The next serious proposal for partition, and the most detailed, came almost a decade later. Toward the end of British rule in Palestine, granted by a League of Nations mandate, the British were losing control of the population and so handed the problem to the newly formed United Nations. In 1947, the United Nations Special Committee on Palestine (UNSCOP), composed of representatives of eleven states, recommended the partition of the country into independent Jewish and Arab states. A majority of the countries in UNSCOP (Canada, Czechoslovakia, Guatemala, Netherlands, Peru, Sweden, and Uruguay) voted for partition, while the minority (India, Iran, and Yugoslavia) proposed a single, federal binational state. Australia abstained. On November 29, 1947, the UN General Assembly accepted the UNSCOP majority recommendation, Resolution 181, by a vote of 33-13 with 10 abstentions. Mainstream Zionist leaders endorsed the plan, but most did so "with a heavy heart" out of opposition to the idea of a Palestinian state and a desire for control over a greater area of territory.4 David Ben-Gurion, in his testimony to UNSCOP, had argued against partition because he believed that the entire country should be given to the Jews. He urged postponement of any decision until the Jews, by encouraging immigration, could become the majorityand thus take control of all the country.5 Nevertheless once the plan was passed by the General Assembly, Zionist leaders hailed it as a major diplomatic achievement, and there was widespread celebration in the Jewish community in Palestine and among Zionist supporters around the world.
While international opinion was coalescing around UN plans for partition, the voices of those who would be most affected--Palestinians--had little bearing on the deliberations. Arab leaders in Palestine and Arab states rejected the UN plan. They had proposed to UNSCOP that Palestine be given its independence as a unitary state, that there be a constituent assembly made of Arabs and Jews, that Jews participate fully in its government under proportional representation, and that Jewish immigration be curbed to prevent a Jewish takeover and the loss of the "Arab character" of Palestine.6 Even today, Palestinian speakers, including myself, are often challenged with the claim that had the Palestinians only accepted the UN plan they would by now have enjoyed their freedom and independence for nearly sixty years. But such twenty-twenty hindsight does little to illuminate the reality Palestinians faced. My father, who was twelve years old at the time, remembers that even in his small, rural village there was lively concern over the UNSCOP partition plan. Palestinians were universally against partition for two reasons. He explains: "First, they thought, you don't partition what's yours. They didn't see their rights to Palestine as disputable, so they did not see partition as a reasonable compromise. And also we knew--even as little children--and I remember talking about it, that if the Jews accepted partition it would only be as a foothold for taking the rest of Palestinelater." Palestinians simply didn't see why towns and villages a short distance away and to which they had deep ties should suddenly, by the decree of a distant body, be placed out of their reach behind international borders. It was simply inconceivable. Palestinians were being given hardly anything in the partition; they were losing more than half their country.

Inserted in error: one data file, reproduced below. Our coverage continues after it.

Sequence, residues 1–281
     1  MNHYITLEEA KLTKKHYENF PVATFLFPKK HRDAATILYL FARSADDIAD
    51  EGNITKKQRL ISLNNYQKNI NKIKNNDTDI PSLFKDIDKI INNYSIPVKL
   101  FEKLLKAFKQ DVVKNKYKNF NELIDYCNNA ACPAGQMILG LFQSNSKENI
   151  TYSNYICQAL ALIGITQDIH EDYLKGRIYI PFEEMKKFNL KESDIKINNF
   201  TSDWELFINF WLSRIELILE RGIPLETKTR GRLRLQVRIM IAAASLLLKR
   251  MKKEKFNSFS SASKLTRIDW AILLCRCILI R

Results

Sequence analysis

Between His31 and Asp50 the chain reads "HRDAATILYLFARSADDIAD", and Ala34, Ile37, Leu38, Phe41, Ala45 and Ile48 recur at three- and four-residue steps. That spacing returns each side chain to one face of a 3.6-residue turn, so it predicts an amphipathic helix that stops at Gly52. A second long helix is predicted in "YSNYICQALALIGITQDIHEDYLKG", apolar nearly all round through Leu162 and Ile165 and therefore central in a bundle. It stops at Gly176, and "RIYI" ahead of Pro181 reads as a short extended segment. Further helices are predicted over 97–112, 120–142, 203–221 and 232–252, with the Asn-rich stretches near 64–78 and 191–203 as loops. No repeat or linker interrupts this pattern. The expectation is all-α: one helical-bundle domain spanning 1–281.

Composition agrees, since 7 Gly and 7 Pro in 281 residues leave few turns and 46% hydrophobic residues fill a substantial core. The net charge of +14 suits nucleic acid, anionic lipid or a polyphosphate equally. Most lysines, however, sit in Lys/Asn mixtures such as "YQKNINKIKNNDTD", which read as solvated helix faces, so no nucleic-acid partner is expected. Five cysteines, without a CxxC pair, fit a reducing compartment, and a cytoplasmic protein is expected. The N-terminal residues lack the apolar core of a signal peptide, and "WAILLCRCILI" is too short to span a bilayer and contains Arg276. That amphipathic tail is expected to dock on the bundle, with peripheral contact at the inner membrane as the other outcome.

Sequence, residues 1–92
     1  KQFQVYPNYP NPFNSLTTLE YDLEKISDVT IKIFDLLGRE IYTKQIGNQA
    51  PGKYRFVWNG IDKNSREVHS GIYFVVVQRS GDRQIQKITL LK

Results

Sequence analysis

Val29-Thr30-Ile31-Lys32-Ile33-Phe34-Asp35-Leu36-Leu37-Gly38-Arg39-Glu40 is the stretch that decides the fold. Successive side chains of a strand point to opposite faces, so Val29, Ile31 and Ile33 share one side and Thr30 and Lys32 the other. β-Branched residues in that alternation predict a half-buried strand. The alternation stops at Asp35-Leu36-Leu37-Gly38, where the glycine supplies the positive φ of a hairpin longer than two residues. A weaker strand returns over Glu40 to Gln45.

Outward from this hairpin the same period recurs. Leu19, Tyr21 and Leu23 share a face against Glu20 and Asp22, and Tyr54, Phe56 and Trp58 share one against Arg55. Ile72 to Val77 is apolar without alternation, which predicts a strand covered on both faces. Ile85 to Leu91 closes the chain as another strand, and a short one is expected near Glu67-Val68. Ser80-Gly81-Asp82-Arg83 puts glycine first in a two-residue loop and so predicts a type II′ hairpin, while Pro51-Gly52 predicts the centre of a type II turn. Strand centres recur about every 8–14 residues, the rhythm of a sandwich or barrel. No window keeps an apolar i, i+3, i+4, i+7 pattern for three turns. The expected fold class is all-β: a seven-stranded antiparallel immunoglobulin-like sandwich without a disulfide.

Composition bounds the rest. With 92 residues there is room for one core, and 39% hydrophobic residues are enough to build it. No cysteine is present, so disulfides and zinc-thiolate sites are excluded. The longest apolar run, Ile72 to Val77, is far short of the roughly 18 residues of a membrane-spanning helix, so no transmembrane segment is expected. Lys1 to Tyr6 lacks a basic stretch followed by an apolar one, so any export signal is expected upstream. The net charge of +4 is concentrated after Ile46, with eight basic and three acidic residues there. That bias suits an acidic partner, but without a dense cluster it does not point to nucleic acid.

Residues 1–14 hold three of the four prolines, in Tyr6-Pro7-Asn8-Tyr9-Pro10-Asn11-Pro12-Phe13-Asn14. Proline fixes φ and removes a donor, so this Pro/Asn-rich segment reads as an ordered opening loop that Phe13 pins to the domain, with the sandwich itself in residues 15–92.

Even if people could have been brought to see partition as reasonable in theory, the terms proposed by UNSCOP added insult to injury. In 1947, there were 1,293,000 Arab Palestinians--Muslims and Christians--and 608,000 Jews in the country. Although Jews were one-third of the population, most had arrived only recently after fleeing the horrors of World War II, and Zionist efforts to buy up the country had met with some resistance. The result was Jews owned about 6 percent of the land.7 Nevertheless, the partition resolution proposed to give Jews 55 percent of the country. The Palestinians, who were two-thirds of the population and owned the vast majority of the land, which they had been working for generations, were to make do with less than half of the country. Jerusalem would be declared an international zone. An example of the inequity in this is UNSCOP's decision that "the Jews will have the more economically developed part of the country embracing practically the whole of the...